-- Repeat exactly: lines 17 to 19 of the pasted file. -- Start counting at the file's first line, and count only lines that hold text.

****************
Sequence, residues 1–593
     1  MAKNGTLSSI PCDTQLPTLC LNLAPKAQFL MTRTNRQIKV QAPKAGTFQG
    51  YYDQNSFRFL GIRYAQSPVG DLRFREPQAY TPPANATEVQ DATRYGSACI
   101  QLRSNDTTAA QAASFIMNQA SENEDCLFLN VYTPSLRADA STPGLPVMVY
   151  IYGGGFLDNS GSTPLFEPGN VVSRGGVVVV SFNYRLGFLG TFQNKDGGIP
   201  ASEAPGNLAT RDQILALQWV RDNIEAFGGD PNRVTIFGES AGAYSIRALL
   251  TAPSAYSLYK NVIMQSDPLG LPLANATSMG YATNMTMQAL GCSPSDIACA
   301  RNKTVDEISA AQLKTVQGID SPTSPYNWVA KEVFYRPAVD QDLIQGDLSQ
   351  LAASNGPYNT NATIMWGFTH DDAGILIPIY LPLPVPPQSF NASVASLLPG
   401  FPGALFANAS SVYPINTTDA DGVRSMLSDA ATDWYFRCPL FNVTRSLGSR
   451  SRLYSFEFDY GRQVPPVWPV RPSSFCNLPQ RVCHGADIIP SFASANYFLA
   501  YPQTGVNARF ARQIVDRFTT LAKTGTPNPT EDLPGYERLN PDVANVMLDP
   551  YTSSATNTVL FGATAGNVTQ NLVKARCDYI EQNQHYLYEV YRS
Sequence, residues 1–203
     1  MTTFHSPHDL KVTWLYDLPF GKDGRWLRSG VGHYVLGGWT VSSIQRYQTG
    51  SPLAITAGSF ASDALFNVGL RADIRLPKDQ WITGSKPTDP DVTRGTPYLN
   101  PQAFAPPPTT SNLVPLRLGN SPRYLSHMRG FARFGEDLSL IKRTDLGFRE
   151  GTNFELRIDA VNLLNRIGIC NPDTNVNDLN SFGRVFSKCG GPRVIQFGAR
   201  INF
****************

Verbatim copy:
   101  PQAFAPPPTT SNLVPLRLGN SPRYLSHMRG FARFGEDLSL IKRTDLGFRE
   151  GTNFELRIDA VNLLNRIGIC NPDTNVNDLN SFGRVFSKCG GPRVIQFGAR
   201  INF